“The COVID-19 pandemic has exposed and exacerbated the many challenges students in the San Fernando Valley are facing,” said Cárdenas in a statement. “With so many institutions and students suffering, the need for direct relief has never been more important. These funds will provide struggling students with the urgent assistance needed to help them achieve their goals and complete their education. This is a prime example of how our American Rescue Plan is making a real difference in the San Fernando Valley.”
The American Rescue Plan provides $36 billion for nearly 3,500 public and private, nonprofit colleges and universities nationwide.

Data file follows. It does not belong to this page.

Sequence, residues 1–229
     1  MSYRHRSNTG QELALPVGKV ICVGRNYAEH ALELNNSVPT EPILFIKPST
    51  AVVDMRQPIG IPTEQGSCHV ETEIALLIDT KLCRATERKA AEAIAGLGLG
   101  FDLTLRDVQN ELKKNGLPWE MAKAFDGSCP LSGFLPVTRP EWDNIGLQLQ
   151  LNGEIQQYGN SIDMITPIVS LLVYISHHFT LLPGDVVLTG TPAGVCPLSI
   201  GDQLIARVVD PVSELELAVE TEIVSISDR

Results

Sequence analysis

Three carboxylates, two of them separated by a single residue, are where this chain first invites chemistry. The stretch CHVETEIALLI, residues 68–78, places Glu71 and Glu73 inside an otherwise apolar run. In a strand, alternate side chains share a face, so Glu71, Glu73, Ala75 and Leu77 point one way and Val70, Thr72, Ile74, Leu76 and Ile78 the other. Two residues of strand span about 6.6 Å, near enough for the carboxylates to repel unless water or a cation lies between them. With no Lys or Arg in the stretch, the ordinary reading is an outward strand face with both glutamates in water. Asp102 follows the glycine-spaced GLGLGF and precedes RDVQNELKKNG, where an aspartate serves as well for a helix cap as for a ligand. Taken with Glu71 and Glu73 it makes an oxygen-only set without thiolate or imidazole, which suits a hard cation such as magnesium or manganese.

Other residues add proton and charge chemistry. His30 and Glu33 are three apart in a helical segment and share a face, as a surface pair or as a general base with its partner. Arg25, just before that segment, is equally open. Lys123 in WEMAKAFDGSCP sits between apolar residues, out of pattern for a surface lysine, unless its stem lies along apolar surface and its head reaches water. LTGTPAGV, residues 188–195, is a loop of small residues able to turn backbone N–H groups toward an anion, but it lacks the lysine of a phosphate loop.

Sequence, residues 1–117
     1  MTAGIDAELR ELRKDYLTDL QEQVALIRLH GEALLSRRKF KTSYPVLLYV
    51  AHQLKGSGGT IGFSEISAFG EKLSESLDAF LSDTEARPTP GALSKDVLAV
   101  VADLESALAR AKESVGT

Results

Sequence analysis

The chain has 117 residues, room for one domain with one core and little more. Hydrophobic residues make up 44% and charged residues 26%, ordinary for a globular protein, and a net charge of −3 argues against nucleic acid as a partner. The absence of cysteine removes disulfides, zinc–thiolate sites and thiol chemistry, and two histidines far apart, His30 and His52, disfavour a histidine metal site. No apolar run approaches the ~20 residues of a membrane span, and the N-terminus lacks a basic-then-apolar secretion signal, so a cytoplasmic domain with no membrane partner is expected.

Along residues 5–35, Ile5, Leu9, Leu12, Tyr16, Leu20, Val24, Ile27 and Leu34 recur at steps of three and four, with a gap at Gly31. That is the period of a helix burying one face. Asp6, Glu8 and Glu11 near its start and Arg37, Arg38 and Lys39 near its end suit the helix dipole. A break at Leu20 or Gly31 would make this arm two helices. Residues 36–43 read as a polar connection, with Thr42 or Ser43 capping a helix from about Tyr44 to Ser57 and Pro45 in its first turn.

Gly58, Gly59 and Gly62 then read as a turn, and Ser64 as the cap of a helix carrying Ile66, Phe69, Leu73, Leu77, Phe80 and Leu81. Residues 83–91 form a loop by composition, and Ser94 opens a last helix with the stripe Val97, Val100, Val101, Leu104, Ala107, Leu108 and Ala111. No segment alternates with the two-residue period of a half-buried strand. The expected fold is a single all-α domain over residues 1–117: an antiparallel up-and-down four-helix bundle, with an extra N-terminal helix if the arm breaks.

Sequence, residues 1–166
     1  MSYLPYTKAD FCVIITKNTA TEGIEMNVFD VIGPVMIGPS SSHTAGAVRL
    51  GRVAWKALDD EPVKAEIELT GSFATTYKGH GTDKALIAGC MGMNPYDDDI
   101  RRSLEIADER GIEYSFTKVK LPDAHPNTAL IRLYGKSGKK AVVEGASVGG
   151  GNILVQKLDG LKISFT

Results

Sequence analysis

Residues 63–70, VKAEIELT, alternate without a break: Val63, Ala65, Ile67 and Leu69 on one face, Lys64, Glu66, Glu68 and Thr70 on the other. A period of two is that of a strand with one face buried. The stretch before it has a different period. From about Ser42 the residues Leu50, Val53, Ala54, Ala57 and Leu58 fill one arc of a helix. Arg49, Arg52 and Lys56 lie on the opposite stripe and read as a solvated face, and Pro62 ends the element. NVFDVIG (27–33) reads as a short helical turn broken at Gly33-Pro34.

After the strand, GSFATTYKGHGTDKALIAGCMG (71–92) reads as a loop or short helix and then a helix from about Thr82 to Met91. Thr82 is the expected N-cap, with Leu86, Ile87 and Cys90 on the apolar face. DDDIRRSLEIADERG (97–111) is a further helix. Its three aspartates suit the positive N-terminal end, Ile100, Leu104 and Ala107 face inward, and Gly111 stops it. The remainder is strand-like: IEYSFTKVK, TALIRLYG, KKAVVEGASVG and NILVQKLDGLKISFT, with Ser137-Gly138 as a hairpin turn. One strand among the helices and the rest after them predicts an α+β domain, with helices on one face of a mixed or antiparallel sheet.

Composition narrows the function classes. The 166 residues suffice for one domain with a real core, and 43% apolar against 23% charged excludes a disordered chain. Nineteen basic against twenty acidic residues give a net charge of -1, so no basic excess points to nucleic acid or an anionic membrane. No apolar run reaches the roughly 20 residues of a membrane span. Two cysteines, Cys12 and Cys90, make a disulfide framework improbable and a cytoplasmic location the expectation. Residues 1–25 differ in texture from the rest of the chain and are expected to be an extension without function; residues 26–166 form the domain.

“These funds will provide direct relief to students in the San Fernando Valley, helping them to continue their education and to graduate on time,” said Sherman in a statement. “The COVID-19 pandemic has had a disproportionate impact among Valley students and this emergency relief is rightly directed to those students who need it most.”
The colleges and universities in the San Fernando Valley receiving funding under the American Rescue Plan are:
- California State University, Northridge (CSUN): $129,280,593
- Los Angeles Pierce College: $29,643,969
- Los Angeles Valley College: $24,876,025
- Los Angeles Mission College: $12,315,025
Students should contact their institutions for more information about how they can apply for an emergency grant.
The American Rescue Plan also includes nearly $3 billion in additional funding – which will be distributed at a later date – for Hispanic Serving Institutions (HSIs), Historically Black Colleges and Universities (HBCUs), Tribal Colleges and Universities (TCUs), other Minority-Serving Institutions and other under-resourced institutions.